Monday, December 13, 2021

Show me a 10ft paywall, I’ll show you a 12ft ladder.

Three Stories That Further Illustrate Why US Government Can’t Be Trusted In Assange CaseThe Dissenter

Philadelphia: Seven years prison for man who filed bogus returns; sought $7 million

ATO staff support hybrid working pilot but want work-from-home cap lifted

When corporations, hippos, gorillas, and rivers can all, legally, be classified as people, has personhood lost its meaning? 

Brazil health ministry website hit by hackers, vaccination data targeted

Show me a 10ft paywall, I’ll show you a 12ft ladder.

Thomas Miller – I build things on the internet /

  • FAQ What? Prepend to the URL of any paywalled page, and we’ll try our best to remove the paywall and get you access to the article.
  • Why? I believe Google Adwords killed the web. Google Adwords incentivized sites to peddle SEO optimized garbage. Sites who aren’t are forced to optimize for email capture so they can market directly to you. Search results now show “news”, ads, and SEO spam instead of surfacing information. You ought to be able to search something on Google and get an answer to your question without signing up for some newsletter. This is why I created
  • How does it work? The idea is pretty simple, news sites want Google to index their content so it shows up in search results. So they don’t show a paywall to the Google crawler. We benefit from this because the Google crawler will cache a copy of the site every time it crawls it. All we do is show you that cached, unpaywalled version of the page.”


US seeks to block Spanish investigation into CIA operation against Assange as British ruling on extradition appeal is “imminent” WSWS

A Baby Elephant Tries to Make Friends With a DogLaughing Squid

The Other Side of a Mania Compound Advisors

ETFs shine as high taxes loom on US mutual fund capital gains FT

District Court Holds that Custodial FBI Investigation on Arrest for Nontax Crime Producing Tax Crime Information Not in Charges Originally Made Did Not Violate Rights

How Courts Embraced Technology, Met the Pandemic Challenge, and Revolutionized Their Operations

Pew – “What the changes mean for the millions of people who interact with the civil legal system each year—and what remains to be done…To begin to assess whether, and to what extent, the rapid improvements in court technology undertaken in 2020 and 2021 made the civil legal system easier to navigate, The Pew Charitable Trusts examined pandemic-related emergency orders issued by the supreme courts of all 50 states and Washington, D.C. The researchers supplemented that review with an analysis of court approaches to virtual hearings, e-filing, and digital notarization, with a focus on how these tools affected litigants in three of the most common types of civil cases: debt claims, evictions, and child support…”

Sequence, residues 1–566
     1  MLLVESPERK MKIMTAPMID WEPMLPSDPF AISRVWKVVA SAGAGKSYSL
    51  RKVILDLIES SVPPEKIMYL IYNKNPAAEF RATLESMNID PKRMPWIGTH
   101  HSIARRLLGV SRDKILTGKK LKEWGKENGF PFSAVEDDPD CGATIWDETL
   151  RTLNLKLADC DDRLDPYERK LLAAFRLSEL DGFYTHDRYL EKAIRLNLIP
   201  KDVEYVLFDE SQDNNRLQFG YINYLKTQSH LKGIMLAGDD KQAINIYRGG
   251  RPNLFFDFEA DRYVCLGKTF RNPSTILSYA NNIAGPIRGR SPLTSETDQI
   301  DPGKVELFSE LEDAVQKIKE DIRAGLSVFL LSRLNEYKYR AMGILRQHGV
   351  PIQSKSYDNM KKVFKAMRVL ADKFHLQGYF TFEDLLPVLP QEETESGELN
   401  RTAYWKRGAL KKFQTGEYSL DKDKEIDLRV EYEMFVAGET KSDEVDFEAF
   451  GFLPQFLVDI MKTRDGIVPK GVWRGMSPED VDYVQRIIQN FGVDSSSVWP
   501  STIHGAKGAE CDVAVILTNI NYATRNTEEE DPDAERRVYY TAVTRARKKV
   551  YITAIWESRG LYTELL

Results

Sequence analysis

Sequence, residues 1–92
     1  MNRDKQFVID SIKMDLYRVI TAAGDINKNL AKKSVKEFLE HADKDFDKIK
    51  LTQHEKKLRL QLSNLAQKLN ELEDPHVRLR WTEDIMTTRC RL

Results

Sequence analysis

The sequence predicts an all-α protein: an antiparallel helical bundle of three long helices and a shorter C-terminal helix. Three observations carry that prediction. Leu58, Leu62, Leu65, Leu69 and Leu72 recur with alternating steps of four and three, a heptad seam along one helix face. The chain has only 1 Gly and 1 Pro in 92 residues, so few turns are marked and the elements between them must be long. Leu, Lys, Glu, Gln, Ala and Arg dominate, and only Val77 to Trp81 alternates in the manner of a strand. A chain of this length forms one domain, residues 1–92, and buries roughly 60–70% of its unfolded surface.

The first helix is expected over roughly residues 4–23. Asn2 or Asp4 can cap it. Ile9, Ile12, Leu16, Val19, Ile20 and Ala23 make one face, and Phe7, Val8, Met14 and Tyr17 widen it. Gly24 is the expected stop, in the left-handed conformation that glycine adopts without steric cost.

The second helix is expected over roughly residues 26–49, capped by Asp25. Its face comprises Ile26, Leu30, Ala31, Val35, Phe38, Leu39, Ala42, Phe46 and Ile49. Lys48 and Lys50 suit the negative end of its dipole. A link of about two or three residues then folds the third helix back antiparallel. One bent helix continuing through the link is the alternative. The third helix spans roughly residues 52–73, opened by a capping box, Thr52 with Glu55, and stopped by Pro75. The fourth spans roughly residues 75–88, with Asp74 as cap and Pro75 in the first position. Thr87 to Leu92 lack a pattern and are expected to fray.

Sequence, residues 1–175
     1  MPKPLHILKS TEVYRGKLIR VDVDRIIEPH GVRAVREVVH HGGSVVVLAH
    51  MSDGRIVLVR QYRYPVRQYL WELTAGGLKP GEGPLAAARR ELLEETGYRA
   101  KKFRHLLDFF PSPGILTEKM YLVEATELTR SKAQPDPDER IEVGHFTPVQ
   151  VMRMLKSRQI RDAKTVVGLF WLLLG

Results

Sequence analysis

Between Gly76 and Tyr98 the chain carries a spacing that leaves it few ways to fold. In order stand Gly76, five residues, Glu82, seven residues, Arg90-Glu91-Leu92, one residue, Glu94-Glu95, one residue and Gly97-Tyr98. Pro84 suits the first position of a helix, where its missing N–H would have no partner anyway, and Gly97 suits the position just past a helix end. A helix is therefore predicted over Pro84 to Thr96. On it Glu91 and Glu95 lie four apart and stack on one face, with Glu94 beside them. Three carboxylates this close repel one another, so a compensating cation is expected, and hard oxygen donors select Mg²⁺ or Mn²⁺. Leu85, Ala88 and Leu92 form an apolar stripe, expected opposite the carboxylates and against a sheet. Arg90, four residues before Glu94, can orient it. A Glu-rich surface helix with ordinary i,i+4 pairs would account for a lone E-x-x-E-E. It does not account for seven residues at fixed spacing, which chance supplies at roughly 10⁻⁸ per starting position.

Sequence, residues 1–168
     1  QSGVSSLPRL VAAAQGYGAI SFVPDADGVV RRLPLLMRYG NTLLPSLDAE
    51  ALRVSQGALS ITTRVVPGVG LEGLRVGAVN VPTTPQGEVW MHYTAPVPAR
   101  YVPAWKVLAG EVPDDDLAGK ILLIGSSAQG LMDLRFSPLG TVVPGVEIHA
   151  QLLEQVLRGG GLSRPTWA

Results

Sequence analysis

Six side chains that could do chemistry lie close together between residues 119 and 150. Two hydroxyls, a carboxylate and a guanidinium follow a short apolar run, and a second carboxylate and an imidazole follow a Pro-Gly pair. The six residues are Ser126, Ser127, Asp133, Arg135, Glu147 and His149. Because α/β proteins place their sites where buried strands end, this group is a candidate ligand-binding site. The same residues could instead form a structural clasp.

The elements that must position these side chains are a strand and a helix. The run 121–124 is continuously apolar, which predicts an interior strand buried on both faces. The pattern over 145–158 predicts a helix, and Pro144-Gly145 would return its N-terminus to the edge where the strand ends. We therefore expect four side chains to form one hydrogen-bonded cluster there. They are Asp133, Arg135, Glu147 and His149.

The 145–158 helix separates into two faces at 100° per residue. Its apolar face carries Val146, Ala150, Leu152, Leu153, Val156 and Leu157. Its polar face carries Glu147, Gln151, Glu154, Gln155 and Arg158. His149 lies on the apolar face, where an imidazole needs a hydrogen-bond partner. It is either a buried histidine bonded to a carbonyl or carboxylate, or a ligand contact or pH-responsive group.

Vice: “…At the beginning of the pandemic almost two years ago, there was much speculation about how the global crisis of COVID-19 would bring a newfound appreciation for how short life is, and how no one really wants to spend it chained to a desk. Out of that, we got the “Great Resignation” with people leaving their jobs in record numbers, and a new word for micromanagers of remote workers: Bossware.  Bossware is spyware from your boss. Some companies make employees use keyboard or mouse-tracking software to ensure that they’re working every moment they’re on the clock, even if they’re at home. Even if managers aren’t spying on your mouse, chat apps quickly turn users’ activity bubbles to “away” when they’re inactive for a short time, like in Leah’s case. The Electronic Frontier Foundation denounced bossware as being invasive, unnecessary and unethical, and the Center for Democracy and Technology called it out as being actively detrimental to employees’ health, demanding that the Occupational Safety and Health Administration update its policies on worker safety to include at-home workers